Maria Dawson, a senior lecturer at Sunderland University, argues that the modern graduate needs to be much more aware of their strengths and weaknesses when it comes to finding the right job for them.

In 1996 the then Secretary of State for Education and Employment, Gillian Shephard, now Baroness Shephard, said that the new generation of graduates faces a different world to the one of their parents.

She was of course, referring to the changes in the economy, the nature of work and the greater demands it makes. She added that our children will need to switch career more than once in their lifetime.

Seventeen years down the line these statements are more true that ever.

As an educator and a parent I am concerned with the future of our graduates and therefore I am trying to do my part in ensuring that they are equipped with the skills and flexibility required for the job market.

With all this in mind there was one logical way forward. I knew I had to find out what employers are looking for in a graduate and I had to ask students for their views on how higher education prepares them for employment.

By comparing the results I have been able to help my students have a better chance in joining the employment community. Indeed, the results confirmed that a) the skills desired by employers in today's market are the same as those required 50 years ago but it is the level of priority placed on particular skills that changes (e.g. employers told me they are looking for graduates with personality, confidence, those who 'stretch themselves' outside their comfort zone) and b) students are not always aware of how higher education prepares them for employment and therefore not familiar with how they should 'sell their skills' and 'which skills to sell' to potential employers.

As a result of all this, I offered my students the opportunity to work on personalised projects as part of their coursework. This meant that each student had to undertake work specifically designed for his/her individual needs. I met with each student several times during their study on this project and by having informal conversations I formed a 'two-way relationship' with them. This relationship breaks the mould of the 'student-tutor' stereotype where educators, academics, tutors, whichever term you want to use, are considered primarily to be the experts in a field providing students with all the necessary answers.

Instead, my aim was to be seen as the facilitator, the mentor, the coach, the 'academic critical friend' who knows enough to help them deal with challenges, develop their critical instinct and be successful members of our society. Throughout our meetings I learned enough about them, their personality, skills, and aspirations for the future to help them develop their personalised study in a way that benefited them the most. Here is just an example of things they were asked to do as part of their coursework: a) personality tests (to raise self-awareness), b) skills tests (to raise awareness of strengths and weaknesses), c) skills tests linked to specific job profiles (to assess their skills against a particular job role which was of interest to the individual and therefore make an informed decision to whether the chosen job environment is indeed suitable for him or her), d) networking with employers (some of them were paired with mentors from industry), e) volunteering or going on a placement, f) research further study opportunities and/ or training and work on applications which link to their chosen career path. All the activities aimed to make students confident individuals, ready for the world of work.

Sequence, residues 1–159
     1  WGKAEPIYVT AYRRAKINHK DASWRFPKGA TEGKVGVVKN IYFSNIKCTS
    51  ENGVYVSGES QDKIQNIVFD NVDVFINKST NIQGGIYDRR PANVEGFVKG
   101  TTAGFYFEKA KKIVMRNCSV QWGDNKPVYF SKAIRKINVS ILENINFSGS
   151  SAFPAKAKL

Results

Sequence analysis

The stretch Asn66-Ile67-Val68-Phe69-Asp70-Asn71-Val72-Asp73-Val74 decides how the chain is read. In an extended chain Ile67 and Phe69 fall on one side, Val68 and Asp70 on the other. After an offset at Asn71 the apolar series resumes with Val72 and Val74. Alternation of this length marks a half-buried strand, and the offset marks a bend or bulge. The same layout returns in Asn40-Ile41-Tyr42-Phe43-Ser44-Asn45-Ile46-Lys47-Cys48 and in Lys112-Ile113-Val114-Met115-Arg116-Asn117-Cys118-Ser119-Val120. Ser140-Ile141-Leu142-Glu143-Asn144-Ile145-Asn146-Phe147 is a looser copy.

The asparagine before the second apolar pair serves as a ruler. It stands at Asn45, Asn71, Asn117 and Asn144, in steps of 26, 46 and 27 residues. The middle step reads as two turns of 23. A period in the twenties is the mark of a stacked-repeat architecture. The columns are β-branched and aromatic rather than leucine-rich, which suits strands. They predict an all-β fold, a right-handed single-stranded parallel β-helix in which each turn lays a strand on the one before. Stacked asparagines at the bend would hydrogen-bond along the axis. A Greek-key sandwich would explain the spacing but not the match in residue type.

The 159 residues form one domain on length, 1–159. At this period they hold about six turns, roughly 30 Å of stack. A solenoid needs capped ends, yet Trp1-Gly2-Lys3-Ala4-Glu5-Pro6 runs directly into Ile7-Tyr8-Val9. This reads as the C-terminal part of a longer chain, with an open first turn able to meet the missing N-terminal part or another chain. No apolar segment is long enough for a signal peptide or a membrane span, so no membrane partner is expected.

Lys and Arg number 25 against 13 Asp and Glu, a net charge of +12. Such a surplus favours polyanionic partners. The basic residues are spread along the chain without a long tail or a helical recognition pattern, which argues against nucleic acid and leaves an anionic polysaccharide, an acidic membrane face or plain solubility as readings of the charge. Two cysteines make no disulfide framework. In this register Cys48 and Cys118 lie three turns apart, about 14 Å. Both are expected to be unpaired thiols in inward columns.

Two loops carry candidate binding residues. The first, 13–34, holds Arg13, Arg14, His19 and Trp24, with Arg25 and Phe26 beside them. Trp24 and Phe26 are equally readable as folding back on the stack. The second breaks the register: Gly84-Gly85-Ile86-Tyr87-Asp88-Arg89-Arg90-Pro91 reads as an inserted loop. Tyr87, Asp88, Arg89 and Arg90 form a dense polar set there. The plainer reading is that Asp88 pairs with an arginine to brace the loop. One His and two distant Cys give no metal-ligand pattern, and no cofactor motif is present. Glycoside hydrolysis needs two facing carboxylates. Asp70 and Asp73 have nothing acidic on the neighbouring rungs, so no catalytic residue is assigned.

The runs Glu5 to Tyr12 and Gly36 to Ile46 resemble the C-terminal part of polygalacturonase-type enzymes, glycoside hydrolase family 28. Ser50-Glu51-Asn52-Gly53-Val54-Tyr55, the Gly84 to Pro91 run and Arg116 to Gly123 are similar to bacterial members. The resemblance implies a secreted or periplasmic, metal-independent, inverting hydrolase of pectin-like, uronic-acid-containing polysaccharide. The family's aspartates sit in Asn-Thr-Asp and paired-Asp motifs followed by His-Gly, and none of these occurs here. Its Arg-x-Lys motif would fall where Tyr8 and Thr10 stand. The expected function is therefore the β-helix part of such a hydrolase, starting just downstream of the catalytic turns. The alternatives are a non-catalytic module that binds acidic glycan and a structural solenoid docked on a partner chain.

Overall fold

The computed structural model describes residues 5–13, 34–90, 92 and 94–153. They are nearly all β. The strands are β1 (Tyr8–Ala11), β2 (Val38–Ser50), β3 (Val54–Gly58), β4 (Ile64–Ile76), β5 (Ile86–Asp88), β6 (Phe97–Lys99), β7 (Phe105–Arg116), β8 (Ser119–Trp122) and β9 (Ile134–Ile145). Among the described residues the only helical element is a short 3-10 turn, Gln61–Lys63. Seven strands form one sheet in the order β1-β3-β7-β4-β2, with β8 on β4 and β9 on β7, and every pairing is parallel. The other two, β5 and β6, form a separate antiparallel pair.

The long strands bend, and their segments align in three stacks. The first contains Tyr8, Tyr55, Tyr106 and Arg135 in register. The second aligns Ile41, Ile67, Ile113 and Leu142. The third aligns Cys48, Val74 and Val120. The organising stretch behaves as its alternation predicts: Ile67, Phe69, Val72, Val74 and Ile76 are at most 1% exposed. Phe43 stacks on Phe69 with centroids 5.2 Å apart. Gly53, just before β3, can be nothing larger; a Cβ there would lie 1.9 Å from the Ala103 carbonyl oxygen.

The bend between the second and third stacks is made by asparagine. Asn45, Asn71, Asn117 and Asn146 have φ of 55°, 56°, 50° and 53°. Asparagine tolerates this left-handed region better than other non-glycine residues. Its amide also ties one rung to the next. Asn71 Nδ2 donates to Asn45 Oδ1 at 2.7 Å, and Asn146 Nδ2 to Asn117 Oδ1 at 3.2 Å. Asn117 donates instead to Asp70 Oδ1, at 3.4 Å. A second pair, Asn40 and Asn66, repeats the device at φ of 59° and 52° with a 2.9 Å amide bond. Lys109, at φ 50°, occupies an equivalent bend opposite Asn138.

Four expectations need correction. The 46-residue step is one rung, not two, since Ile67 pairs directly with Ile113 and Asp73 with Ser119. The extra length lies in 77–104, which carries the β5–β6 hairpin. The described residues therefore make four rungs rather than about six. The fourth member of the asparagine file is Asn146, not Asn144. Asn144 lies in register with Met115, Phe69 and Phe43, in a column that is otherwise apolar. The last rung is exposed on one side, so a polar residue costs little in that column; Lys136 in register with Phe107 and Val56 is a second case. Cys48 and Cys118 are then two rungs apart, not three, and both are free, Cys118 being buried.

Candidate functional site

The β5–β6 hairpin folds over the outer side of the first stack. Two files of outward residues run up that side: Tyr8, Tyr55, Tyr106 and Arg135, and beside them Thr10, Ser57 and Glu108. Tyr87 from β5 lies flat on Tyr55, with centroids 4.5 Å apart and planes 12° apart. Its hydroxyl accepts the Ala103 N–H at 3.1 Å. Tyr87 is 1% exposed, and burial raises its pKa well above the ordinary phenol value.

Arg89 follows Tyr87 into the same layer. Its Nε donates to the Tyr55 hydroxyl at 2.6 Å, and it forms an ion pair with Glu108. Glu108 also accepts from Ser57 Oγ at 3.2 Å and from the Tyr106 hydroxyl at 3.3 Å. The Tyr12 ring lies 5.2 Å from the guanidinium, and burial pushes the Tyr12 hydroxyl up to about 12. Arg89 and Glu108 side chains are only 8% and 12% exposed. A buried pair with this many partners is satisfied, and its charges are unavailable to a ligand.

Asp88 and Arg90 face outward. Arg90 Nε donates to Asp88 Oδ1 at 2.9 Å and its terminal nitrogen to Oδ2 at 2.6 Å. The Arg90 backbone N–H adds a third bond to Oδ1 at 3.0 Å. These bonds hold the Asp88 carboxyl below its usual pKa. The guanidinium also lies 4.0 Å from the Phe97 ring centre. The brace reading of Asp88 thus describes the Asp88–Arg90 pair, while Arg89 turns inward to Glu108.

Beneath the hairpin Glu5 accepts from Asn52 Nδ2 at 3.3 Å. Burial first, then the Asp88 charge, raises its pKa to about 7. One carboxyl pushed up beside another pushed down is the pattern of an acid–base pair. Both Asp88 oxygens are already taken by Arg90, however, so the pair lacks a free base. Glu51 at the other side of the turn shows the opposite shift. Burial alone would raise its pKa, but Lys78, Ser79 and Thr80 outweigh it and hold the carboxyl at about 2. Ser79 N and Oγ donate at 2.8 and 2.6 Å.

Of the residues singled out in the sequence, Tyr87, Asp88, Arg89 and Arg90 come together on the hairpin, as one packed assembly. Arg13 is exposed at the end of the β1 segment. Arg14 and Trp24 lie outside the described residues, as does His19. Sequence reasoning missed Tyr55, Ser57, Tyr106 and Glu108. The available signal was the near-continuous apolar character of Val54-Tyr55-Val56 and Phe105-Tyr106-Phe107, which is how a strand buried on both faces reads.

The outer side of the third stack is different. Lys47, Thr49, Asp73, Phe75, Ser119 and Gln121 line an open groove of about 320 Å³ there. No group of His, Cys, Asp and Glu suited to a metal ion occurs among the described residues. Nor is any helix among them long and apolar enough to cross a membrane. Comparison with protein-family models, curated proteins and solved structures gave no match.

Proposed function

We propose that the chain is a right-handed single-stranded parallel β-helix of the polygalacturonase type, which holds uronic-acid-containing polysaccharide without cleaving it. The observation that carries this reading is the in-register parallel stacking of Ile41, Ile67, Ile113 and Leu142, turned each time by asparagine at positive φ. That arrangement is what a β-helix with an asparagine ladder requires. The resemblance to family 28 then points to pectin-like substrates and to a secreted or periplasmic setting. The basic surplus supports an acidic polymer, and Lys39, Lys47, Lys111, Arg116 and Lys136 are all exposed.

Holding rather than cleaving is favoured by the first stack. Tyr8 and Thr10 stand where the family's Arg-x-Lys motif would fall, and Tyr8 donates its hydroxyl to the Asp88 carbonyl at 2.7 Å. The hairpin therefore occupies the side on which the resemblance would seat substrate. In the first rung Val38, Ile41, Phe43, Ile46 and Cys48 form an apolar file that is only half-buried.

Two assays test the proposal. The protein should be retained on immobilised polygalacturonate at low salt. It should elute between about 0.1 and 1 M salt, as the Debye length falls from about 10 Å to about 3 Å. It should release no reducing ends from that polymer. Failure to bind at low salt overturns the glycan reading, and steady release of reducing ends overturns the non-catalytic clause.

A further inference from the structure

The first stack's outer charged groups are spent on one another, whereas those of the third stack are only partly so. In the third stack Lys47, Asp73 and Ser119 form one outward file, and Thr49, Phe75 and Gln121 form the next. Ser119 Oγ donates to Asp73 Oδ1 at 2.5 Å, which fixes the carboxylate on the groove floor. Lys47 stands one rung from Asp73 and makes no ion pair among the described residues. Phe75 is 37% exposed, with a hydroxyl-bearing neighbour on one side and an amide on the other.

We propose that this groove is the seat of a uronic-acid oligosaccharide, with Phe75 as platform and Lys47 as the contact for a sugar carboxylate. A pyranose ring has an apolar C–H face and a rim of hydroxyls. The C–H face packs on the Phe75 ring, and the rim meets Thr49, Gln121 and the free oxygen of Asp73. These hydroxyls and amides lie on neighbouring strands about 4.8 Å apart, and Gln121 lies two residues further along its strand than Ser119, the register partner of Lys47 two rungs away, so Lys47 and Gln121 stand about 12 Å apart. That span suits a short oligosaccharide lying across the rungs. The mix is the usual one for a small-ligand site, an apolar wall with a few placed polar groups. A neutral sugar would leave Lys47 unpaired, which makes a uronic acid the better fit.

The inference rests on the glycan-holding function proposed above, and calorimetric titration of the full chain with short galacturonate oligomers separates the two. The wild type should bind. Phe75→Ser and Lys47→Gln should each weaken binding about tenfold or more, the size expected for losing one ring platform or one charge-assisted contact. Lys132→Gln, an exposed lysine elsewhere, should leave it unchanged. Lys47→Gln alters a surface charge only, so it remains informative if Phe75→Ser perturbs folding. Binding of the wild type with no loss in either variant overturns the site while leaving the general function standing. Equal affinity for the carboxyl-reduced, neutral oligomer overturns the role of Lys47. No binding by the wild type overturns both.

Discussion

The results of this study clearly show that students who completed this particular coursework felt confident in their own 'skin', some of them applied for jobs and lined up a number of interviews, or in some cases gained employment whereas others applied for further study and were accepted onto competitive postgraduate courses.

A sample of student quotes include: "I admit I had not given great consideration to what profession I would undertake after university...on completion of this module I know I want to work in marketing ... I would strongly recommend that as many people take advantage of this module as it truly has put my career into perspective.", "...the employability project has been an eye-opening experience, as it has enabled me to understand how the graduate job market works...", "My personal aim was to find ways to make myself more applicable to a job as a teacher. Coming to the end of this study I decided I am not driven enough to be a teacher. Therefore I have applied for other jobs and have been to four interviews from which I have received three job offers.", "...I would never have considered my skills in leadership, organisation, and time-management - now the list can go on!..."

The results of this study is available at , 'Graduate Voice: My Personal Employability Skills Portfolios'.